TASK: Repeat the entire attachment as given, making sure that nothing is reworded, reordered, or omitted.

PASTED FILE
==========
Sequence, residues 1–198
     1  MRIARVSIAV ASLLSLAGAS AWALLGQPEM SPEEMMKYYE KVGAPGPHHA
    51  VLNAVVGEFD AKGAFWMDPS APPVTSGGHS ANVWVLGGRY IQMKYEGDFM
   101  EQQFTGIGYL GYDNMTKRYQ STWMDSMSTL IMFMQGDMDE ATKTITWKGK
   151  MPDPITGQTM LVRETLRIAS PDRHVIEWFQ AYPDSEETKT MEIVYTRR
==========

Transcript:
Sequence, residues 1–198
     1  MRIARVSIAV ASLLSLAGAS AWALLGQPEM SPEEMMKYYE KVGAPGPHHA
    51  VLNAVVGEFD AKGAFWMDPS APPVTSGGHS ANVWVLGGRY IQMKYEGDFM
   101  EQQFTGIGYL GYDNMTKRYQ STWMDSMSTL IMFMQGDMDE ATKTITWKGK
   151  MPDPITGQTM LVRETLRIAS PDRHVIEWFQ AYPDSEETKT MEIVYTRR